Tuesday, April 7, 2020

Cardinal Collins on Agitation of US Right for Congregational Worship During Pandemic: "Shallow" and "Absolutely Irresponsible"

The culture-war battles within the US Christian communities are so old, tired, enervating, aren't they? I regret any time I am pulled into them again — and yet, it's almost impossible not to be pulled into them, when you and people like you are among those being targeted by a powerful sector of Christians in the US.

In one way, it comes as a huge shock that, in Catholic circles, a certain group would want to use the closing of churches and cessation of services as an occasion to mount culture-war battles about, well, what? The godless secular government is targeting Christians?

We Catholics can't have God without Mass?

In another sense, this is all so drearily predictible, the belligerence, the defensiveness, the inability to see what is happening now as a call to deepen spiritual life apart from church gatherings, the obliviousness to the tremendous amount of death and suffering all around us, the refusal to recognize that what we do in the "privacy" of a church can have serious consequences for people in the community at large.

What I hate about the belligerence, in particular, is that it raises my hackles and I become belligerent in return, and what good does that do? I get dragged to the level of those who want me to waste my energy answering their taunts — and this really is the goal of the kind of trolls who have lit on this blog in recent days — when there are more important things to do, and to do right now, to try to process what is happening in our world at a gruesome moment of history, where any religious group that claims to have spiritual foundations needs to attend to those foundations.

And they are clearly not found in televising spectacle Masses and then having people watch them as if they're watching theater, nor are they found in taking monstrances and flying over people and blessing them with the monstrances. As if the Middle Ages are still trucking on and Vatican II is a distant dream in the far-off future….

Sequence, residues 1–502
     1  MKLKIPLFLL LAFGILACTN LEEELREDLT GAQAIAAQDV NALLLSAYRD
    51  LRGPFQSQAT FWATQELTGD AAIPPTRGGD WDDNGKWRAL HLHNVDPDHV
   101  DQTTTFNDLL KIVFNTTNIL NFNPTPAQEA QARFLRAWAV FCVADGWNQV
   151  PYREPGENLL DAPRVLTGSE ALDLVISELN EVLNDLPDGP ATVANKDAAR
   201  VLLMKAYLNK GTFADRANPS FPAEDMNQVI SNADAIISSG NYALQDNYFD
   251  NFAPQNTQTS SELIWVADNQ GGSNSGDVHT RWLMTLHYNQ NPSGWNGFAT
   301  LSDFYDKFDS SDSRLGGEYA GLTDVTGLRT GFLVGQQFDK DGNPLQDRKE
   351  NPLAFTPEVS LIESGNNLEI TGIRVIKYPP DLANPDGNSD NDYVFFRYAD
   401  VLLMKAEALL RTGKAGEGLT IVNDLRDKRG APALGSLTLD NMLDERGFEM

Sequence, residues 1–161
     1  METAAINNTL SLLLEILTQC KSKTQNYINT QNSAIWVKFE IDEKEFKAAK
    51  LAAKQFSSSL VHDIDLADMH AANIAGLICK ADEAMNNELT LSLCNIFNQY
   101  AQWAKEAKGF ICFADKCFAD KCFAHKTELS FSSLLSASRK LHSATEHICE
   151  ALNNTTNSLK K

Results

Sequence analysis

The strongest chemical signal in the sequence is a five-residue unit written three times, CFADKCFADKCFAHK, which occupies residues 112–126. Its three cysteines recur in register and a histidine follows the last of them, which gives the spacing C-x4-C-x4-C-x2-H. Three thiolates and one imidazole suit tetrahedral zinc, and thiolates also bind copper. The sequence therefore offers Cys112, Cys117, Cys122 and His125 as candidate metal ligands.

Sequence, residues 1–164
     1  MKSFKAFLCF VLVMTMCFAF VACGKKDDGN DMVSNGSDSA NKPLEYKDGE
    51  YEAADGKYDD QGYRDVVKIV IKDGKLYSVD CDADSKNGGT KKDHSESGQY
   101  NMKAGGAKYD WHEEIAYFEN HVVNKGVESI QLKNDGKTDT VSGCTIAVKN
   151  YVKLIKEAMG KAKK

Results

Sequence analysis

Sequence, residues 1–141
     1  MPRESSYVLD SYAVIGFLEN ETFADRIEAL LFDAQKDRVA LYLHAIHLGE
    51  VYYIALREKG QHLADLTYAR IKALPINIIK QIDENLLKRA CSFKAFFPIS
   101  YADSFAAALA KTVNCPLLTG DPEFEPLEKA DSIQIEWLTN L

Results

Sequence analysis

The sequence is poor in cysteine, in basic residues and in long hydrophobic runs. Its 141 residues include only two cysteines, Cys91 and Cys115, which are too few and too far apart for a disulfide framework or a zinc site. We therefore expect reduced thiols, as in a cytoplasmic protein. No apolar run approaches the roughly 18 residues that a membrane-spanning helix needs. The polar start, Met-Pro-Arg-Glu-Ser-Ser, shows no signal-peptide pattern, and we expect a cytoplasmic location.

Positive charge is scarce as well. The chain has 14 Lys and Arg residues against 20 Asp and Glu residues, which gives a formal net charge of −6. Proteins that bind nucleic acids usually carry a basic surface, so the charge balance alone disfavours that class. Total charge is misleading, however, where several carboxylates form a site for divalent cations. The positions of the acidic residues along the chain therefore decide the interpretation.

And as if Jesus did not model for us the retreat into private places to pray alone when he went to the desert for forty days before inaugurating his ministry, and then spent his final night alone in the garden in Gethsemane…. And as if one holy teacher in the Christian tradition after another has not encouraged people to find God in the privacy of their own rooms and their own consciences and their own hearts….

I will never forget how floored I was when I went to the funeral of a very good man to whose family I am closely connected and his daughter said to me the following day, "I thought today of how wonderful it is that Dad can now look down from heaven and see every Holy Sacrifice of the Mass taking place in the world, all at one time."

A picture flashed before me of heaven as a big circular t.v. room with screens all around, where you can spend eternity watching the Mass from screen to screen.

If that's heaven, I don't want to go there. These are such childish, materialistic understandings of worship and the spiritual life and heaven that I wonder how how so many adult Catholics can still buy into them, and how they are reasserting themselves in the midst of a horrific pandemic when the last thing folks need is childish religion or spirituality.

Maybe this time of empty church buildings symbolically exposes the Churches' hidden emptiness and their possible future unless they make a serious attempt to show the world a completely different face of Christianity. We have thought too much about converting the world and less about converting ourselves: not simply improvement but a radical change from a static "being Christians" to a dynamic "becoming Christians."

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